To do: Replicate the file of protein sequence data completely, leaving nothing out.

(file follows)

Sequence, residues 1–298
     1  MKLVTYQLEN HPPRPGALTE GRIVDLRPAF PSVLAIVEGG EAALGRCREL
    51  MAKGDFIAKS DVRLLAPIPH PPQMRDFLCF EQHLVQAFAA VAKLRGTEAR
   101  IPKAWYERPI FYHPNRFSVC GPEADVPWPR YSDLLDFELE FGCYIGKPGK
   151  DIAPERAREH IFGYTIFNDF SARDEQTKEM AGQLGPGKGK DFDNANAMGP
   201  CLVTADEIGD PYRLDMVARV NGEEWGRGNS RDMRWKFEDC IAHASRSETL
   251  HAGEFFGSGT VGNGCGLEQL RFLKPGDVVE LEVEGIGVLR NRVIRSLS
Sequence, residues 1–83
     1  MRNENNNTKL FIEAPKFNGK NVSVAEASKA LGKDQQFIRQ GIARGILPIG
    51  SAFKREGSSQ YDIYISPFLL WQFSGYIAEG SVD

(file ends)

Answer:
Sequence, residues 1–298
     1  MKLVTYQLEN HPPRPGALTE GRIVDLRPAF PSVLAIVEGG EAALGRCREL
    51  MAKGDFIAKS DVRLLAPIPH PPQMRDFLCF EQHLVQAFAA VAKLRGTEAR
   101  IPKAWYERPI FYHPNRFSVC GPEADVPWPR YSDLLDFELE FGCYIGKPGK
   151  DIAPERAREH IFGYTIFNDF SARDEQTKEM AGQLGPGKGK DFDNANAMGP
   201  CLVTADEIGD PYRLDMVARV NGEEWGRGNS RDMRWKFEDC IAHASRSETL
   251  HAGEFFGSGT VGNGCGLEQL RFLKPGDVVE LEVEGIGVLR NRVIRSLS
Sequence, residues 1–83
     1  MRNENNNTKL FIEAPKFNGK NVSVAEASKA LGKDQQFIRQ GIARGILPIG
    51  SAFKREGSSQ YDIYISPFLL WQFSGYIAEG SVD